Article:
Lordstown voters: Welcome, TJX

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TJX Election Results

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Lordstown Mayor Arno Hill comments on the TJX election results.

The atmosphere at Ross’ Eatery and Pub Tuesday night was jubilant as community members celebrated the results of a special election that decided the future of a TJX project in the village.

Drinks flowed, smiles came easily to many in the bar, and the signature neon T-shirts worn by project supporters over the last several months brightened the gathering.

The pro-TJX faction of the community won handily, with about 77 percent of votes in favor of keeping zone changes for the project in place. Voters cast ballots on seven referendums on village council’s rezoning of seven parcels totaling 290 acres on Hallock Young and Ellsworth Bailey roads from residential to industrial.

TJX plans to build a 1.2 million-square-foot, $170 million distribution center on the land, a project TJX has said will create about 1,000 jobs. The company plans to donate 100 acres for a buffer zone between the facility and nearby residences.

About 1,000 voters supported the zone changes; about 300 opposed them. The 1,331 ballots cast in the special election represented nearly 53 percent of registered voters in the village.

Opponents of the zone changes have said they support the project, but not at the site TJX has selected.

“I’m so happy,” said Richard Kilbert, sitting on a bar stool at Ross’s, of the election results.

Kilbert, who has lived in Lordstown since 1957, said he hears the traffic from the General Motors Lordstown plant from his Hallock Young Road home every day. The noise from the plant has never bothered him.

“Every car that went by was somebody supporting their family,” he said.

That’s why he supports the TJX project – he sees it as a sign of progress.

Other project supporters also expressed happiness with the outcome.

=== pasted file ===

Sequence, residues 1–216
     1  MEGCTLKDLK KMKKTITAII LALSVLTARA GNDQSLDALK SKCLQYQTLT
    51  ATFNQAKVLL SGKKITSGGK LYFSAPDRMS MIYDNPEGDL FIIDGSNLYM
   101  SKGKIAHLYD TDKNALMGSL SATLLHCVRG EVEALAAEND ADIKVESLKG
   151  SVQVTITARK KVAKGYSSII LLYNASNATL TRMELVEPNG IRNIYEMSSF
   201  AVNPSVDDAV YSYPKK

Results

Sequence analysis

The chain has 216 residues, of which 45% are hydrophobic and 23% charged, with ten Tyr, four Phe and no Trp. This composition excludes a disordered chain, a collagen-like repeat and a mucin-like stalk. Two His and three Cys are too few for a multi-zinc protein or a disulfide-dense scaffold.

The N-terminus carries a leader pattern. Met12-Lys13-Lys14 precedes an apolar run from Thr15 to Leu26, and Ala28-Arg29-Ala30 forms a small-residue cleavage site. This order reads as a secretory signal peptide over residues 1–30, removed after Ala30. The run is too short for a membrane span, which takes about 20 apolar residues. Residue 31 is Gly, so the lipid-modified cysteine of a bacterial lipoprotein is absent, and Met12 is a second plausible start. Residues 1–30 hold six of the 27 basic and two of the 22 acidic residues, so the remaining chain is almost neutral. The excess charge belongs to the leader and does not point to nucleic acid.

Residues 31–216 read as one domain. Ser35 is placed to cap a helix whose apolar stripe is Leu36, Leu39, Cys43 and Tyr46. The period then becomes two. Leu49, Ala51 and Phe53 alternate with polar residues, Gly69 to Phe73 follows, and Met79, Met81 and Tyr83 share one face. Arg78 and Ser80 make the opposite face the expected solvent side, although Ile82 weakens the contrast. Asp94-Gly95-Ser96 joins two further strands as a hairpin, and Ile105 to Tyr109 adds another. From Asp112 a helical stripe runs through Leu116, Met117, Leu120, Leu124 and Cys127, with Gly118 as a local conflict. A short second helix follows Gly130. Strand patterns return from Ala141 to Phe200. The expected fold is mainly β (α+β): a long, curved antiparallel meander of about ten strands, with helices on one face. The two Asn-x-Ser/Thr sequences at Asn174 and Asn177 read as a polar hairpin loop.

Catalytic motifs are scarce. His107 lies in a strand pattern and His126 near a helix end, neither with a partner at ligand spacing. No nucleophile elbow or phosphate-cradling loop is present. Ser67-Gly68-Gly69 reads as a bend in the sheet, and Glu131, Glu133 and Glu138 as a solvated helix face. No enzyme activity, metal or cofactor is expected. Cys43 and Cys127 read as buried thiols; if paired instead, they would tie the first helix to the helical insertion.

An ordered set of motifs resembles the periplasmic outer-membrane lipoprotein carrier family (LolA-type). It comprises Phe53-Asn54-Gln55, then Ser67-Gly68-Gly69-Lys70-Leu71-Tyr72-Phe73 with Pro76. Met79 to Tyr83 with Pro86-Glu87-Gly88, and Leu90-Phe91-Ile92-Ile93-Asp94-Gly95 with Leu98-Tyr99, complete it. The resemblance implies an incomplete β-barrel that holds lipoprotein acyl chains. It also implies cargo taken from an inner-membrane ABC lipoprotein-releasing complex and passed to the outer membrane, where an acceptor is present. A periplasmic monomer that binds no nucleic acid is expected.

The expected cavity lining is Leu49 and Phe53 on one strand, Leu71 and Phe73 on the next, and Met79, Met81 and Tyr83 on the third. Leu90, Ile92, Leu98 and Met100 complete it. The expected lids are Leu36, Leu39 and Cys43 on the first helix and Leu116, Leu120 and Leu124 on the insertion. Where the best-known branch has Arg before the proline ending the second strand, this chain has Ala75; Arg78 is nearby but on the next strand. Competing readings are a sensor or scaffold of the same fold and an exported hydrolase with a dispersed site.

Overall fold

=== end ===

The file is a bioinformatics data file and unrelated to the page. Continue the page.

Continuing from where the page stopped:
“I’m very happy the way the vote went,” said Lordstown Mayor Arno Hill.

“This is a huge victory for Lordstown, our community, and our economy. Lordstown residents have spoken, and they want TJX in the Mahoning Valley,” said U.S. Rep. Tim Ryan of Howland, D-13th. “Countless hours were spent courting this phenomenal project, and I want to thank the local economic development staff and elected officials for their herculean efforts. Despite the minor setbacks, I remained focused on doing what was necessary to ensure that this facility, with its thousands of jobs and millions of dollars in payroll and revenue, comes to our region.”

“We are extremely pleased with the outcome of today’s vote by the residents of Lordstown,” said Sarah Boyarko, senior vice president of economic development at the Youngstown/Warren Regional Chamber. “TJX/HomeGoods has proposed a well-thought-out and responsible development. Based on the election results, the residents want this investment in their community. The voters obviously saw the big picture, not only with this investment, but also the jobs related to the construction of this facility, new business for future service providers and the need to send a positive message to others considering investing, that Lordstown is open for business.”

As for TJX, a representative said the company will have a comment when the election results are official.

Stephanie Penrose, director of the Trumbull County Board of Elections, said she was pleased with the voting turnout and process.

“The turnout was really, really good,” she said. “It was only three precincts, so everything went really smoothly. I’m very happy with how everything went at the polls.”

Now, TJX must work with local entities on its construction plans and on securing incentives, officials said. Boyarko said the chamber will remain involved in those steps, and Hill noted TJX must get village approval for its site plan and a 10-year, 75 percent tax abatement the company wants.

He said company representatives will be in town this week and will continue working with residents to address concerns about the project.

Now, Hill said, he hopes the community can begin to heal after what he described as a “brutal” period leading up to the election.

“I really want the community to come back together,” he said.

Kilbert said the community divisions about the issue were unlike anything he’s seen in his 60-plus years here. Still, he’s optimistic that time will help.

“I do think the wounds will heal,” he said.

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